One thing I know for sure, Dana Key loved Jesus, and he loved to rock hard. There will never be another like him.

It is strange that while I was working yesterday I was humming an old D&K song, "Competition," and thinking how cool it would be for a D&K reunion tour to take place. I guess we will have to wait for that until Heaven.

But be warned, it will rock the cosmos and shake the stars right out of the sky!

Friday, July 02, 2010

There Is No Spoon

You may remember that line from The Matrix. These words are also carved into the wall above the urinal at the "satellite office." I do not know why. It is an eye-opening moment for Neo when the young lad teaches him a lesson in reality. In order for Neo to be able to bend the spoon with his mind, he had to first accept the reality that there is no spoon.

I had an eye-opening moment yesterday. For years I have been living in  disappointment because I had this image of what life and family should be like, and, twice now, that image has failed to be lived up to. I have always looked for the magic in life. For example, I have wondered if I have ever been "in love" before. In my mind, there was no "magic" in my relationships. There was love, but it had to be worked at; it didn't just happen magically.

Growing up in a broken family, I used to daydream about having a "normal" family like all of my friends had. A father AND a mother. Not just mother, like I had. My parents fought all the time. There was no magic. After my father abandoned us, I used to daydream about him coming home and resuming his place as man of the house. At 10 years old, I was the "man of the house." Mom supported 3 of us on less than five bucks an hour. Money was always tight. Where was the magic?

I surrendered to the ministry and did youth ministry, prison ministry, music ministry, preaching, teaching, and missions. I had the minister's dream. I had a wife, children, a house, and a great church. After 13 years, my marriage to the mother of my three children ended. How could this be? God would NEVER let this happen! I once vowed that my children would never have to live as I did, and now I was faced with the reality that their home was about to be broken. Surely not! I prayed. I fasted. I begged and pleaded with God to save my marriage. I knew He could, and I believed He would. He didn't. Where was the magic?

I remarried a few years ago to a great woman. We combined our children into a blended family. I had high hopes that we would all mesh and be happy. Instead, there were problems. Money problems. Child problems. Ex-spouse problems. Pet problems. In-law problems. It seemed that every time we took 2 steps forward, we'd get knocked back 5 more. Where was the magic?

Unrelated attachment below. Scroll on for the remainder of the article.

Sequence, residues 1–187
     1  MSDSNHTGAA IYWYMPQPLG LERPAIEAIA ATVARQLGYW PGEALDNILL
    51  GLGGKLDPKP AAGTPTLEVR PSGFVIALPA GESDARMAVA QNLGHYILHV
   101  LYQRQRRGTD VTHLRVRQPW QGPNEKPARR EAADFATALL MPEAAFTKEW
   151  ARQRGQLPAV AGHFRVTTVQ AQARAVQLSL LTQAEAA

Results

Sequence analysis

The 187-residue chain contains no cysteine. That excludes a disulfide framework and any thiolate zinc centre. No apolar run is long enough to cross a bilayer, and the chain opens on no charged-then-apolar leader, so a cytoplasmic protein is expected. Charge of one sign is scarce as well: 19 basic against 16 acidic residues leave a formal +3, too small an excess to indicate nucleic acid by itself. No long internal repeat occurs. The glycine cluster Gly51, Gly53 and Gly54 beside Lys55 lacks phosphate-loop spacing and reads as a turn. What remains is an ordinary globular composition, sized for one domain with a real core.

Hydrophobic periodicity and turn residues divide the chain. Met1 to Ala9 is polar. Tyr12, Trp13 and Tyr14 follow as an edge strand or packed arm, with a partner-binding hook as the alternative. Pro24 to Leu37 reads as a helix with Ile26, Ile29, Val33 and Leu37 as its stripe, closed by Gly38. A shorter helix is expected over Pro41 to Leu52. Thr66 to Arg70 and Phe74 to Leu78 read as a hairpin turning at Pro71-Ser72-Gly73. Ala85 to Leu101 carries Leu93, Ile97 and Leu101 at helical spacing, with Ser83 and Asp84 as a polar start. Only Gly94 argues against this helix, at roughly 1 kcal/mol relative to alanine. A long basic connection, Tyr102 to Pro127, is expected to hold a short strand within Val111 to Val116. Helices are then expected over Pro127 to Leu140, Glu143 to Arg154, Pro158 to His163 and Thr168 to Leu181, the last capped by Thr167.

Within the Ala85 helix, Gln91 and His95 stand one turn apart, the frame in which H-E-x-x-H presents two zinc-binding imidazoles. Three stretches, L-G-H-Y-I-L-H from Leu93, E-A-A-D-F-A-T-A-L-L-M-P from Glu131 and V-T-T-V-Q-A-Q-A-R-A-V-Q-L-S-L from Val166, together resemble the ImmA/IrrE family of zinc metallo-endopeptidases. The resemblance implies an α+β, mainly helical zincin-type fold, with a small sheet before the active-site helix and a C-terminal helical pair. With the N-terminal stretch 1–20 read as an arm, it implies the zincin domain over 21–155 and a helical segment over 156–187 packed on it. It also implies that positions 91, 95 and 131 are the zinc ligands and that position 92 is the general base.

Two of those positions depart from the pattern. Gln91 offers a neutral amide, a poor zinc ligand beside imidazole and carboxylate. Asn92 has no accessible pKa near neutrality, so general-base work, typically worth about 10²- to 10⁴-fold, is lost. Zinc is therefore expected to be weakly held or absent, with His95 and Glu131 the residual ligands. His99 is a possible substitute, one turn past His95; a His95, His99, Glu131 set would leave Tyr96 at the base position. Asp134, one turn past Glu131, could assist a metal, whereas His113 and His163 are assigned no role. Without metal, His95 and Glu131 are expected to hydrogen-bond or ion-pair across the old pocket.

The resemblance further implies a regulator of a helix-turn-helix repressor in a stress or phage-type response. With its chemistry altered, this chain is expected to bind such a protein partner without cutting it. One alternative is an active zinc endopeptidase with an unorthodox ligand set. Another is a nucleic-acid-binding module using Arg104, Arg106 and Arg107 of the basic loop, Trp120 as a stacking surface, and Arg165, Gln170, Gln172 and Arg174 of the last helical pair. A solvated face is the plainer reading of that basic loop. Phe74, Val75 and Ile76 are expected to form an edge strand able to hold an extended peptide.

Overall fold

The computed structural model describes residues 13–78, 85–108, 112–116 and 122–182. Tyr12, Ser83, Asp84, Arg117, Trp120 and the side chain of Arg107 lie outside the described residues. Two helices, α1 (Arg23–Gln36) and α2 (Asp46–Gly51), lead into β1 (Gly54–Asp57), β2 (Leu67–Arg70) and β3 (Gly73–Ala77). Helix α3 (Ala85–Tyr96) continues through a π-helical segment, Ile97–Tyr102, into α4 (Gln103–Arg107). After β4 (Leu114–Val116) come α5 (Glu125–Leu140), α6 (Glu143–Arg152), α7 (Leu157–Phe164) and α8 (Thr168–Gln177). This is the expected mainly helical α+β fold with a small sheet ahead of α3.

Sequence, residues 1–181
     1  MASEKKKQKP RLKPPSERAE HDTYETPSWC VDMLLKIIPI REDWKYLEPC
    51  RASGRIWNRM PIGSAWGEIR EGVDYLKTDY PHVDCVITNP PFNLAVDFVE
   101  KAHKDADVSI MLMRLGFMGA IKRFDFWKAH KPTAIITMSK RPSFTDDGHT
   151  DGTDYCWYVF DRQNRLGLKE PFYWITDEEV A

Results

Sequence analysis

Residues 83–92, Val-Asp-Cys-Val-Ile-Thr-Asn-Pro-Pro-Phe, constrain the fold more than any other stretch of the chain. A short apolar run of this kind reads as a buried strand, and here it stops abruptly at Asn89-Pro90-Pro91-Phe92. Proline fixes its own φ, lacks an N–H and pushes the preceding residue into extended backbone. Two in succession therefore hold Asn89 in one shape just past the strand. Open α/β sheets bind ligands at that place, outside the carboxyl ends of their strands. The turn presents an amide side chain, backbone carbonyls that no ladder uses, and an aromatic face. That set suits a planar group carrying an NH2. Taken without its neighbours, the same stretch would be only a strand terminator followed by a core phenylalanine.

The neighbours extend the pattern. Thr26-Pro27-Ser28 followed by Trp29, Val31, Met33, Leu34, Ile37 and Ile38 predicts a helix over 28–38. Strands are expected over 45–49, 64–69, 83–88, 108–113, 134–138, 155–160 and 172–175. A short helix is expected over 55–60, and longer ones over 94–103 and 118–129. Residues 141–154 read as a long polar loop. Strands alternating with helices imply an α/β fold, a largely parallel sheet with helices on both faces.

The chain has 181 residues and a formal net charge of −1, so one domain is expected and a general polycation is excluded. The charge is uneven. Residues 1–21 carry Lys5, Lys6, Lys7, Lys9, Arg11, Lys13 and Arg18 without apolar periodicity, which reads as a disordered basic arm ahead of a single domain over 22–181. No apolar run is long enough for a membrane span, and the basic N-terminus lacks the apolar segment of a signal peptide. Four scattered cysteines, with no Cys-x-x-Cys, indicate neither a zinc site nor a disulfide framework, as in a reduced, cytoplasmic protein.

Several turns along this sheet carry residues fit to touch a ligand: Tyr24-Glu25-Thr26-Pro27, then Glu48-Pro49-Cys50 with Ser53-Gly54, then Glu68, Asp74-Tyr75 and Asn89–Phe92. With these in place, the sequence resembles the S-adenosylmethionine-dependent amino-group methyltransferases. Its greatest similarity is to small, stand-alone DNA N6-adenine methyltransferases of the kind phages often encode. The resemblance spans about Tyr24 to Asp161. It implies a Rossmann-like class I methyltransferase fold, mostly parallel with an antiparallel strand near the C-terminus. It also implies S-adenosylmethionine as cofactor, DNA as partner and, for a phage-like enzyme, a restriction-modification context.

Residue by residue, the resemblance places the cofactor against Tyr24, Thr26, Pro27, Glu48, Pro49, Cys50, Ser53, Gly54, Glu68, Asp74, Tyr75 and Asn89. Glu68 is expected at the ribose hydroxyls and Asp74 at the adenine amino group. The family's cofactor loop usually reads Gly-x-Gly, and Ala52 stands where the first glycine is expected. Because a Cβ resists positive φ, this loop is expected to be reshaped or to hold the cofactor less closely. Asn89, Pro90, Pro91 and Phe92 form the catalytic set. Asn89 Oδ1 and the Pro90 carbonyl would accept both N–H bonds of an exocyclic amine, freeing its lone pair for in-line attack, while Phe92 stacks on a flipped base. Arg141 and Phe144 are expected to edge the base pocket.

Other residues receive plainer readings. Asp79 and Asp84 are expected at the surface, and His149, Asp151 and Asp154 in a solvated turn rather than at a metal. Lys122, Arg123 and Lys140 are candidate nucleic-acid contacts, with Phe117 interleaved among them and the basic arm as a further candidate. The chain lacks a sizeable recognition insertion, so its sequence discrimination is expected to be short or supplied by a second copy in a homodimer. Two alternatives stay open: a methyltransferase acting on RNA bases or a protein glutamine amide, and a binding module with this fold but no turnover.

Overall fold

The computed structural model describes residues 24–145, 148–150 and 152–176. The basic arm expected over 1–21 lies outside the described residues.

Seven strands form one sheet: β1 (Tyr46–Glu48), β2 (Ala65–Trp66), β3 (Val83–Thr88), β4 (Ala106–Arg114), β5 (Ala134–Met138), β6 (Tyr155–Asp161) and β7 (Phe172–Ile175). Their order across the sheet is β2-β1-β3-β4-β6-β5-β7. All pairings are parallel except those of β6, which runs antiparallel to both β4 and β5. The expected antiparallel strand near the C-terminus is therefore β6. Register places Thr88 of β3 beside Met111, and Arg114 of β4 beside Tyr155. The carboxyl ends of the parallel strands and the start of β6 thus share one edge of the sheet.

I have been looking at my life lately. I often compare myself to others and realize how I fail to match up to their successes. I feel like a misfit sometimes, and that I don't really fit in anywhere. I am 21 years old for the second time, and where is the magic?

Reality check.

There is no magic.

Magic only happens in the movies or sitcoms. Life is hard. Real life. There is no magic; we are just to do the best we can with what we have. This realization actually caused a huge weight to lift from my shoulders. My life doesn't have to be perfect, or even magical. I just have to do the best I can to love the people I love and work hard at my passions. The magic may or may not ever be there, but the joy of just living life seems to bring with it a "magic" all its own.

Besides, who really needs to bend a spoon with their mind anyway?

Friday, June 18, 2010

A Time to Rant (not gonna be pretty)

Dear reader,

I am not here to offend, ridicule, or offer shallow opinion. Well, maybe two out of the three.

Some things are happening around me. I don't like them. Not at all. May I share?

1) This whole BP/Oil spill/Obama/Barton thing has got me a little uptight. For all we know, the spill was on purpose. How can a major petroleum company with major safety protocols in place "accidentally" spill tons of oil? I am not a conspiracy theorist, but you have to admit, this stinks. Then Joe Barton of the GOP apologizes to BP for us holding them accountable. Who elects these idiots, really? Are we being PUNK'd? Is that it?

2) South Carolina politics has gone too far. Hey, bad press is still press, right? NOT! Jake Knotts, if you won't retire, at least let us give you a beatdown. It is long overdue, Mr., "I'm proud to be a redneck." You know what really chaps my hindquarters? People like Senator Kneck, errr...Knotts, claim to be Christians also. Do you morons know that Jesus was a "raghead" too? I bet He shore ess prah-yawd of yew! Yuck yuck yuck and a-fiddle dee dee! Yeeee haw! I say instead of laying off teachers and hard working Americans, we should start laying off loose-lipped Senators and Congressman. Or at the very least, make their positions voluntary instead of paid. That ought to shake things up in the honky tonks, eh Jake? Next time you go on TV, wear that Budweiser t-shirt you used to wear to the diner all the time.

I have lived in SC for almost my entire life. I love it here, and I still believe it is a great place to raise a family. These loose-lipped politicians need to shut the hell up or get the hell out. Seriously. Otherwise Stewart, Colbert, Leno, et al, are going to have comedy material at the expense of our pride for years to come. As a sidenote, for every Jake Red Kneck there are a lot of good men and women in politics trying to make a difference in SC. Kudos to them, middle fingers to the rest.